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A different point of view

December 5, 2011

The usual frame...

The Taj Mahl is without doubt one of the most photographed landmarks in the world. Every year millions of visitors travel to Agra, in the north part o India, with their cameras on their straps and, first thing once past the main gates, they point and shoot!

Nothing wrong with it, of course, but succeeding in finding a moment when the Taj Mahal is not sieged by tourists is practically impossible – the gates open around 7 am, but even if you get there at that time in the morning, the chances to bring home a picture of the monument with no people in it are few.

Let me give you an advice, nothing technical but that I still like to believe a lot related to photography.

All the hints and advices from photographers who already had the chance to shoot the same location – possibly with a good result – have the power to improve my own photography skills… It’s a priceless help having somebody to tell you what’s the best time to be on location to capture a certain mood – an advice that is beats any indication on shutter/aperture blah blah blah,

Many times, when you are abroad shooting, your schedule doesn’t allow an extra day for scouting, an activity that should be mandatory if your expectations are higher than just some holiday memories. But even in the pros world it could happen to only have the time to get to the location and shoot, so I believe that having some advices to rely on could help!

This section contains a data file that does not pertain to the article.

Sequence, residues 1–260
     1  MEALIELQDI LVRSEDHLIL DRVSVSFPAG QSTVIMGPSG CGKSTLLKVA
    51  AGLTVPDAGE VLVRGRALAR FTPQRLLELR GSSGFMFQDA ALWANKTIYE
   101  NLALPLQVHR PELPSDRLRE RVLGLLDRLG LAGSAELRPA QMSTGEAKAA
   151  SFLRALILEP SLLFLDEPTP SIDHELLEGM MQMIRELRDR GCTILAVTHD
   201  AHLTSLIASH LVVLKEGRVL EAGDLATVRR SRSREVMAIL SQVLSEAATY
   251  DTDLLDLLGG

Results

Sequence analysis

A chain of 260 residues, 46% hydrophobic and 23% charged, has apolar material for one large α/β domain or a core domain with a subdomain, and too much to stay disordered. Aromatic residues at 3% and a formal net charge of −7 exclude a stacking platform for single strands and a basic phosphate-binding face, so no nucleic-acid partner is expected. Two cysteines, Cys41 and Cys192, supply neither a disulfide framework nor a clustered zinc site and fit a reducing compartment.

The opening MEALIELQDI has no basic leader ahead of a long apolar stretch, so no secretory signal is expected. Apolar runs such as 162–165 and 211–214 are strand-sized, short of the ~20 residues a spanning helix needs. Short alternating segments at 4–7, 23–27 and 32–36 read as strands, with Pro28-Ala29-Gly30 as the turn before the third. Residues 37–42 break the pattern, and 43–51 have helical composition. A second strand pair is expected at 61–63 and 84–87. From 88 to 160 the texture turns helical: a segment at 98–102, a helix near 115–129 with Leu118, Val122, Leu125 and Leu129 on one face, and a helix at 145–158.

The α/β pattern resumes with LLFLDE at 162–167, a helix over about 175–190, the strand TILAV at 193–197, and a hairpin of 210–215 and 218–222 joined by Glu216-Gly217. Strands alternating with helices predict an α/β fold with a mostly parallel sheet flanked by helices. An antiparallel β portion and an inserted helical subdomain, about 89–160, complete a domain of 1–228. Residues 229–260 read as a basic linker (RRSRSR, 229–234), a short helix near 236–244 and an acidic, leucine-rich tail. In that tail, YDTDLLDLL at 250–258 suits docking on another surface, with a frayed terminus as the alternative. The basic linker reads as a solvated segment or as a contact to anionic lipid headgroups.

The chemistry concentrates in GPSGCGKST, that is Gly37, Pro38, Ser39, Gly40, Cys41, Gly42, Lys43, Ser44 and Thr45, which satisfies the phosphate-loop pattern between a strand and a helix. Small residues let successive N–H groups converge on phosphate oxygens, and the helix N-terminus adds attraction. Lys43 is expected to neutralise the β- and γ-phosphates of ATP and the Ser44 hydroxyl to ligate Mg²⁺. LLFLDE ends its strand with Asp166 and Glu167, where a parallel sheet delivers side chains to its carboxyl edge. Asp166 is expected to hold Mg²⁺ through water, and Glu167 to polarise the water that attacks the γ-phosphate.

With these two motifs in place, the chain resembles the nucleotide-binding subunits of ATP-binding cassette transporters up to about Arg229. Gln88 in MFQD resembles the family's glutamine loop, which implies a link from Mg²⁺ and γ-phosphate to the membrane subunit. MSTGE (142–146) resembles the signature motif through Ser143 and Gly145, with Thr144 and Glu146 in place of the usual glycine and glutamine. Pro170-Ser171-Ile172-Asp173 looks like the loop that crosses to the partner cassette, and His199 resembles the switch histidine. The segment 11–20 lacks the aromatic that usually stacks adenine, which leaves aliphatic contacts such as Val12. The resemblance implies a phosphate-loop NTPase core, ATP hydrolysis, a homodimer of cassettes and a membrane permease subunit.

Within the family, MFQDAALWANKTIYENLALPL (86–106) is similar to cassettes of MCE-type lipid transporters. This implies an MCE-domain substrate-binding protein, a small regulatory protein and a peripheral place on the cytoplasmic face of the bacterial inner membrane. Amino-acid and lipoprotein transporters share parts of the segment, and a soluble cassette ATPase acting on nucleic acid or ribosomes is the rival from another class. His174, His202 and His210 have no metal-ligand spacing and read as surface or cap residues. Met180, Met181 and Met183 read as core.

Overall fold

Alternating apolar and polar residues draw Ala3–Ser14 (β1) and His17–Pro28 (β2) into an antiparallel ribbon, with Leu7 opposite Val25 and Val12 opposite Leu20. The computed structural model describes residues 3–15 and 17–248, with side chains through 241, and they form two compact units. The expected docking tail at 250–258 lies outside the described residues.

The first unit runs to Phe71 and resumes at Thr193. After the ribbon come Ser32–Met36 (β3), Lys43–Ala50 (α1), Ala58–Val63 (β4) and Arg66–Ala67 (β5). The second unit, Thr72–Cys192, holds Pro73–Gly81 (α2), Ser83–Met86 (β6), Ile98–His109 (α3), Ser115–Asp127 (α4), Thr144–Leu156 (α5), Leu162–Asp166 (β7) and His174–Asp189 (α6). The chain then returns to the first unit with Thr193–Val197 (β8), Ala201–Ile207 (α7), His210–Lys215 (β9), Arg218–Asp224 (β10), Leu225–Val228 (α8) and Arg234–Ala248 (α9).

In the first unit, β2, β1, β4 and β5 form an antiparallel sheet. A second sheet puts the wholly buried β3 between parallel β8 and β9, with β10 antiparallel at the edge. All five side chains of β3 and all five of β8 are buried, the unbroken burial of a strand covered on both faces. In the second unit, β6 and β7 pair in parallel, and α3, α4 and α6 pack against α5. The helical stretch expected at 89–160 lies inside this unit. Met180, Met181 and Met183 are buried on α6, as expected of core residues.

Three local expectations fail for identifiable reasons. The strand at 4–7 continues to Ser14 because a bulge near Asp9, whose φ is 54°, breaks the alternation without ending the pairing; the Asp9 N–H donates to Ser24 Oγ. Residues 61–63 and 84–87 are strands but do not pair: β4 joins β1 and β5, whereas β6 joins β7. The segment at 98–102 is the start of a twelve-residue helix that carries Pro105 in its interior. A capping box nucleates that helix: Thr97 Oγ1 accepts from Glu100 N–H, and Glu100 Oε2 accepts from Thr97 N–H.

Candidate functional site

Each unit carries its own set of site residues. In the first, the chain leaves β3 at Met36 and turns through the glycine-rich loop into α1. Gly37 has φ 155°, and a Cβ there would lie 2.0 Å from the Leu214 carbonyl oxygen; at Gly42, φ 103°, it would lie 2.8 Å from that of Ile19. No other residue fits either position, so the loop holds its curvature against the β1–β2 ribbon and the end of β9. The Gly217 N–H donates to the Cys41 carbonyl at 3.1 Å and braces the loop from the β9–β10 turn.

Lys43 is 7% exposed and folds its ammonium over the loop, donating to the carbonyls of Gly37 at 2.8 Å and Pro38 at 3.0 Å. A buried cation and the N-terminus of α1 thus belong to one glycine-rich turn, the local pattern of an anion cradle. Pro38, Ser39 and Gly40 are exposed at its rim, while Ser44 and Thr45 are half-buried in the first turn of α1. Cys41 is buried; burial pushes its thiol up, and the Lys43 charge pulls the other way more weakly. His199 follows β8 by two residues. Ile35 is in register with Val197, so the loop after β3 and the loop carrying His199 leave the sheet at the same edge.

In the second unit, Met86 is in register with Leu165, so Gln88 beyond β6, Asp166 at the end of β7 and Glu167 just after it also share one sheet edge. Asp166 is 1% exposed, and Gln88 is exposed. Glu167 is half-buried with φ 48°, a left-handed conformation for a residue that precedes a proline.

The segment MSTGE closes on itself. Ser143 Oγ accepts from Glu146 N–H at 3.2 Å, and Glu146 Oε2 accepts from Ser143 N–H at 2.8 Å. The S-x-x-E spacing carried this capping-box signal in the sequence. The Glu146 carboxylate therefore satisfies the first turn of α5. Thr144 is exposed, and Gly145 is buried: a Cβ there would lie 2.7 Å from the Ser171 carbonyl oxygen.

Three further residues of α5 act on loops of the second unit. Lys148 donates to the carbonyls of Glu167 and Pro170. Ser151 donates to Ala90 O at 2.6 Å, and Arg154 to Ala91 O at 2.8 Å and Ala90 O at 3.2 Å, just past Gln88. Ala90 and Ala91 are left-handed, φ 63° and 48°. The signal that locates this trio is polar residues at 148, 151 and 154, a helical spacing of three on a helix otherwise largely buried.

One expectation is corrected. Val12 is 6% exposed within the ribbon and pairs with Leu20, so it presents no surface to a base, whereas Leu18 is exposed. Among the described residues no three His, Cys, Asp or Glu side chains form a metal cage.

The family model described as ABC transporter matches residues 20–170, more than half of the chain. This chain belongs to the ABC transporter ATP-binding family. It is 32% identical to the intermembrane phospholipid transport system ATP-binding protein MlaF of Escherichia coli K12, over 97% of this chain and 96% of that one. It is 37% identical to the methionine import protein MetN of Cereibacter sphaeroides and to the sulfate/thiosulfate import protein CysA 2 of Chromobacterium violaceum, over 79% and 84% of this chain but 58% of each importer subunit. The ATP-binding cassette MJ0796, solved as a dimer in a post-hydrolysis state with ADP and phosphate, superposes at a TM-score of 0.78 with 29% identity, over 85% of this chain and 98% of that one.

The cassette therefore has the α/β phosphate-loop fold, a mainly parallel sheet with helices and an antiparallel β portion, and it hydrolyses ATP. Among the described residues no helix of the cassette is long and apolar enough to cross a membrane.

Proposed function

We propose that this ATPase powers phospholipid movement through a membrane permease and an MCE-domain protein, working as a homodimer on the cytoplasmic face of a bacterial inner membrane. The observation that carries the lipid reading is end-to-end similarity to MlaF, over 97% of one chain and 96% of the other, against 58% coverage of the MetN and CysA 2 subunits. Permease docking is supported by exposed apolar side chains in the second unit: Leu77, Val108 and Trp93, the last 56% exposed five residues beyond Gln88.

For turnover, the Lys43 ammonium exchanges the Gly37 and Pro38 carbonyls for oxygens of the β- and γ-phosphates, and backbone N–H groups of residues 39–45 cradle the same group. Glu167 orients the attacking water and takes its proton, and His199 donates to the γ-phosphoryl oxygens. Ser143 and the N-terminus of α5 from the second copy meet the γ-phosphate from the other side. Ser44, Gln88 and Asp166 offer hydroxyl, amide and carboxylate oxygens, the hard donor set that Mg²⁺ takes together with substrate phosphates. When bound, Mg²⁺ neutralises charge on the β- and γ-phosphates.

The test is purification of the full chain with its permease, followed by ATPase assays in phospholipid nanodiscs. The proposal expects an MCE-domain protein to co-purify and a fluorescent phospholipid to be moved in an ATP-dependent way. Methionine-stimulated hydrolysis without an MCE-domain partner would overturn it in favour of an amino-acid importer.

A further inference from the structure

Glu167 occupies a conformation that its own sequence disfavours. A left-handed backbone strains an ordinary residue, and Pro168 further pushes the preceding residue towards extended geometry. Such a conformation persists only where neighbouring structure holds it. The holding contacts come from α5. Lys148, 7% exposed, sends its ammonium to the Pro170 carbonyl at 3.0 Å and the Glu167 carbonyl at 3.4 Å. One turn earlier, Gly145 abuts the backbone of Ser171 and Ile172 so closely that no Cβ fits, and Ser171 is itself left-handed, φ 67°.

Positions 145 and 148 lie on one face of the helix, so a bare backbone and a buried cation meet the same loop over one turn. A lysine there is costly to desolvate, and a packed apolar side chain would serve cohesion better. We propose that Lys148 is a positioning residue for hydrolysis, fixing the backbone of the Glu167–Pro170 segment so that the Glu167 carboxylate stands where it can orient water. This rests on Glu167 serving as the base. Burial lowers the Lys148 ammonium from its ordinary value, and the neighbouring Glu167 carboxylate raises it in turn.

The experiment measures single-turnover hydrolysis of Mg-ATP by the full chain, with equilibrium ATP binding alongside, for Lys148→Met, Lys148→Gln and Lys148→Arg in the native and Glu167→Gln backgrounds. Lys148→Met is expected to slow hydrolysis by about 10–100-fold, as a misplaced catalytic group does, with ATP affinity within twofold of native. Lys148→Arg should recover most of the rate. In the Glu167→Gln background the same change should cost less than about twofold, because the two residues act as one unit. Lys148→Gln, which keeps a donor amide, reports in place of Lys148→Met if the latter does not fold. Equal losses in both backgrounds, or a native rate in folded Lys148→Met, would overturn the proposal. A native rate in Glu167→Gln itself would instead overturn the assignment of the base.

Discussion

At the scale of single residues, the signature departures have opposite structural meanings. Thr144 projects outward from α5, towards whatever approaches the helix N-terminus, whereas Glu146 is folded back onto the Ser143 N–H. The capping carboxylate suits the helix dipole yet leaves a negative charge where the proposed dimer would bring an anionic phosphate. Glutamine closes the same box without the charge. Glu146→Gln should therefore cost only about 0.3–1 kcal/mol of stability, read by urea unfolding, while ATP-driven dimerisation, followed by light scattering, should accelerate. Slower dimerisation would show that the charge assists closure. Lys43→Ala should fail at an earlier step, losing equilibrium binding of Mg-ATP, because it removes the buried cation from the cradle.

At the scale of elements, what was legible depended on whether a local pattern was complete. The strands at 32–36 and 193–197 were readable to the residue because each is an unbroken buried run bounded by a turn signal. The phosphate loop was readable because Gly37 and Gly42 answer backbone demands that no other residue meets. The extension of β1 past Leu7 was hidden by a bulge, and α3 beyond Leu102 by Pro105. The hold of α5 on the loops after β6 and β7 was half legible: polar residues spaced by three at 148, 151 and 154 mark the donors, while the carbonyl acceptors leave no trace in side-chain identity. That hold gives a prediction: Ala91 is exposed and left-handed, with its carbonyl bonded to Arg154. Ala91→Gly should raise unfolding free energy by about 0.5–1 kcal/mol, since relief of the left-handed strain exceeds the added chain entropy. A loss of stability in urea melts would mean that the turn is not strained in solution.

Here’s my little advice dedicated to all those who want to bring home an unusual picture of the Taj Mahal.

The Taj Mahal from the Jamuna River at dawn

Agra is only a few hours of train from New Delhi, I suggest you to get there at least one day before, so you can be on location early in the morning, – the light at that time of the day is simply fantastic but the magic lasts no more than 20 minutes.
When you get in the city, make a deal with one of the thousand tuk tuk drivers to take you to the Taj Mahal the next morning – the ride will cost you a few hundred rupees.
Ask them to take you to Metabh Bagh and not to the main gates.
The place is right behind the Taj Mahal and you get there crossing the Jamuna River on the NH93 bridge and following a country road that ends right on the river banks. Very near where you want to be there is a military compound, so move cautiously when you are there.
Be there a little earlier – few minutes after dawn. Make sure you HAVE YOUR TRIPOD WITH YOU. Place your tripod and sit back to enjoy one of then world finest views.

No people in your frame, unless you want them. The river and its reflections. The tranquility to move in closer or change the angle.

Shutter/aperture?! … Do you really want to know them!?
Ok. I set the camera in manual mode and metered in central average mode.
The light of dawn suggested a warm tome and I boosted it a little using an orange Lee filter – sorry I don’t remember which one.
Long shutter speed (1/13″) and close aperture (f16) – the equivalent of ISO 125

I framed carefully – getting there a little earlier gave me the chance to shoot a couple of test shots and then decide what I liked the best.
I was done in less than 15 minutes – that light didn’t last longer – and at 7.30 I was already back in Agra for a my breakfast with lassi and muesli.


From → Photography

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